I have been fortunate to have a number of different influencers. My mother firstly has always encouraged me to follow my dreams, reinforcing that if I want something that nothing should stand in my way. It was my husband, who encouraged me to send Finding the Rainbow to a few publishers, after I had completed about two-thirds of the manuscript. Without his support, I may never have had the courage to make my story public. Finally, I have now developed great connections within the author community, across many different genres. Their creativity and passion for writing continues to inspire me to continue my journey and to keep writing!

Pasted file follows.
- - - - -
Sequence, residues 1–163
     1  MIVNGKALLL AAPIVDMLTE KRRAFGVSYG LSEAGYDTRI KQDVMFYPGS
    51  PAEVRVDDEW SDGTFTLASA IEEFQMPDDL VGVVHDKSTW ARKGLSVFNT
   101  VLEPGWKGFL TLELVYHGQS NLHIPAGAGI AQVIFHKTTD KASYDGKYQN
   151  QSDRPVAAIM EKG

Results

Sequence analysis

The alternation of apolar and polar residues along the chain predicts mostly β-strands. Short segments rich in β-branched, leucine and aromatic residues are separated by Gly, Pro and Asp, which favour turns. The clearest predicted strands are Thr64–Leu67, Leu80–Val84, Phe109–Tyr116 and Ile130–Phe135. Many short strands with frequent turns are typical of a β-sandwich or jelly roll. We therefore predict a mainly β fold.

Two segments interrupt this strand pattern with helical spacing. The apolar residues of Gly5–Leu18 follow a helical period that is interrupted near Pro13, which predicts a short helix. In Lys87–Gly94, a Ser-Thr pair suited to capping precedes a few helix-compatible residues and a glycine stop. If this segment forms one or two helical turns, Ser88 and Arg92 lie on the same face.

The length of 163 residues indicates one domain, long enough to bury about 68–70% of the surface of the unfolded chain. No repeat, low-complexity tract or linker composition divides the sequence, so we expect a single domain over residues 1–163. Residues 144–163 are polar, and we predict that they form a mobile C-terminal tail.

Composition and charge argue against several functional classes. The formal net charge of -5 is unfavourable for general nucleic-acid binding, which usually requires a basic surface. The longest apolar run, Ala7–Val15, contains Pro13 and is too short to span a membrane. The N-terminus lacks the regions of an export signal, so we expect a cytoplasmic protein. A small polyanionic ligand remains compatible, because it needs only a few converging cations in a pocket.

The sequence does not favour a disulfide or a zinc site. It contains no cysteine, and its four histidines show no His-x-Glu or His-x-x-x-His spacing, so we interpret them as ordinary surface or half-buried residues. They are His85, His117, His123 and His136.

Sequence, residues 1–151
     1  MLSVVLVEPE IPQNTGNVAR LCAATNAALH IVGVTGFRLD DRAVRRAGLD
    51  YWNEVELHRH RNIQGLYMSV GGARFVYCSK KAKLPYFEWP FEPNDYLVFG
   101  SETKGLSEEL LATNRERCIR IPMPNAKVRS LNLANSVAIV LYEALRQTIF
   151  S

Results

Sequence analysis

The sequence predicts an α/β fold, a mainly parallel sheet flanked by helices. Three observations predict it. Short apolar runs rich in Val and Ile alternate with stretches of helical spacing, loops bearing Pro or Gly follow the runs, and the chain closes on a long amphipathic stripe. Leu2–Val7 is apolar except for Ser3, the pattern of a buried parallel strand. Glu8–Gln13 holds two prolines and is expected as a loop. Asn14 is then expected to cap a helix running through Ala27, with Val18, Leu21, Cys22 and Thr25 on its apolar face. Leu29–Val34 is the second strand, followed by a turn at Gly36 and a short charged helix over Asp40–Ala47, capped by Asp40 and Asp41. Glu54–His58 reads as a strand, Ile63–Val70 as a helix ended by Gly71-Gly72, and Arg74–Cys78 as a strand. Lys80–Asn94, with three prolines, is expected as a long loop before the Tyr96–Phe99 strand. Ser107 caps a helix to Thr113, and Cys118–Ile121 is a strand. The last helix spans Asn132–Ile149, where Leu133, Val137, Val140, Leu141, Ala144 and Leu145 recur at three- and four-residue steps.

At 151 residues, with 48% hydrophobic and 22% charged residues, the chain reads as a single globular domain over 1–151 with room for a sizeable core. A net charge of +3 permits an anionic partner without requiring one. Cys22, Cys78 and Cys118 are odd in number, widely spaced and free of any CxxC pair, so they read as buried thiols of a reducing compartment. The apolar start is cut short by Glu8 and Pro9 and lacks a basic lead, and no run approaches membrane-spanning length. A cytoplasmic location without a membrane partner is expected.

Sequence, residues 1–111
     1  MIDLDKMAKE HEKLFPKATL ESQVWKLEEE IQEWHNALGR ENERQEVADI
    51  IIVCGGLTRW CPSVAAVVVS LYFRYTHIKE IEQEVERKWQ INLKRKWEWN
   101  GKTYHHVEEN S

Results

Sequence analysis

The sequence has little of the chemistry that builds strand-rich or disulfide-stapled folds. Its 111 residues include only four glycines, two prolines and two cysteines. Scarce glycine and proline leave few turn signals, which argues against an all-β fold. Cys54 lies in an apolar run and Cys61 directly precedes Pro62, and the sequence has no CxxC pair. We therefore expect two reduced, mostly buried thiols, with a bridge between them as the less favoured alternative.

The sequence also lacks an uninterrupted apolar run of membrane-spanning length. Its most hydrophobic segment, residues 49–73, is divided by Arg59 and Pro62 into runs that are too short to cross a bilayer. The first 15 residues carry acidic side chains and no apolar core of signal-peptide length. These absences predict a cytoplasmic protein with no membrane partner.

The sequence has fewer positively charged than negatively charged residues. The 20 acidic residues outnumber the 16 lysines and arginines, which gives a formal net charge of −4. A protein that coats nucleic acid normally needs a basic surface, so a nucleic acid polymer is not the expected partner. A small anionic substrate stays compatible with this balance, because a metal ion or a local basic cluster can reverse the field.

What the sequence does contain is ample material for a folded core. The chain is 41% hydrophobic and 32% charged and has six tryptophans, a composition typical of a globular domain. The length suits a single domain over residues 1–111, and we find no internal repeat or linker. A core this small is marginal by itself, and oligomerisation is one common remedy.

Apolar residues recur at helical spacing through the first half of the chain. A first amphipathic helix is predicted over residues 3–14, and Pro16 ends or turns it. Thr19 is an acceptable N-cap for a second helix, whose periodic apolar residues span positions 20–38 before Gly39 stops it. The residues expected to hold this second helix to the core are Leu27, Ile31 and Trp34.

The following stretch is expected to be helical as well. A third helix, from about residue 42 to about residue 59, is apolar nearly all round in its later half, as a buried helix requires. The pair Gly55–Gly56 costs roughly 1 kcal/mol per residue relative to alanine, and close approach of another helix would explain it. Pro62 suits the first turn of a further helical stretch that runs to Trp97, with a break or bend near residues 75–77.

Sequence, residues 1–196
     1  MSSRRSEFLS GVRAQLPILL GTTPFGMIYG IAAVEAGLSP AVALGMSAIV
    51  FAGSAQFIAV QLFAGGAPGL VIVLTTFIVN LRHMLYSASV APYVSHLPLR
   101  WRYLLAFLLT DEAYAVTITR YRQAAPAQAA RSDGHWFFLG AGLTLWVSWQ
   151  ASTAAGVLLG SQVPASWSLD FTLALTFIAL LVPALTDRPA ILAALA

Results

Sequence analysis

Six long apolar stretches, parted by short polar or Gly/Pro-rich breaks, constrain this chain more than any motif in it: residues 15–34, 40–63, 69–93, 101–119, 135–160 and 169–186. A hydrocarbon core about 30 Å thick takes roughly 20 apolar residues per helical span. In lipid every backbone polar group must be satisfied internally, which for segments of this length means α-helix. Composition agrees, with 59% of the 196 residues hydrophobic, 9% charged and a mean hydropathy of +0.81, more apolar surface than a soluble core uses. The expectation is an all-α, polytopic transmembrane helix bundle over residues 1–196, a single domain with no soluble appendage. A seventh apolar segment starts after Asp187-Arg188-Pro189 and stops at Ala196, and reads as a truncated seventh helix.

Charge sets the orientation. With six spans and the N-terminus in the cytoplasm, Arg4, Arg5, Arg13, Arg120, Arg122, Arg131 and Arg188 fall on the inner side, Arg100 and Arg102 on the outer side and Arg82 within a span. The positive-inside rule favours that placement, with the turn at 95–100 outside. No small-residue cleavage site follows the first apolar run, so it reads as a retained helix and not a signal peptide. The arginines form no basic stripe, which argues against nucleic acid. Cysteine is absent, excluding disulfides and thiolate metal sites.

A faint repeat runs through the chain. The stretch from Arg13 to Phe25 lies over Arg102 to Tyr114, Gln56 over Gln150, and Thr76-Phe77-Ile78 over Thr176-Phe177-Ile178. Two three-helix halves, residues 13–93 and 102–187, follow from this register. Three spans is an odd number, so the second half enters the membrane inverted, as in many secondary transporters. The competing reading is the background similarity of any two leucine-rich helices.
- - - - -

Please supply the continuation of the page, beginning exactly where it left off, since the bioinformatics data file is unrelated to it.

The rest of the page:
Where did the idea for this book originate?

At first, it was a journal that I kept through an extremely difficult time in my life. Not being able to carry a baby to full term, and experiencing recurrent miscarriage was both frustrating and lonely. It’s a difficult subject, and I found personally, one that many felt uncomfortable talking about openly. I was also frustrated with the system, and lack of knowledge around why it was happening to me. So I wrote everything down. Eventually, I realised that my story was something many women face, and I wanted to break that silence by publicizing my fertility struggles.

The People’s Book Prize nominees are voted for by the readers, how important are your readers to you?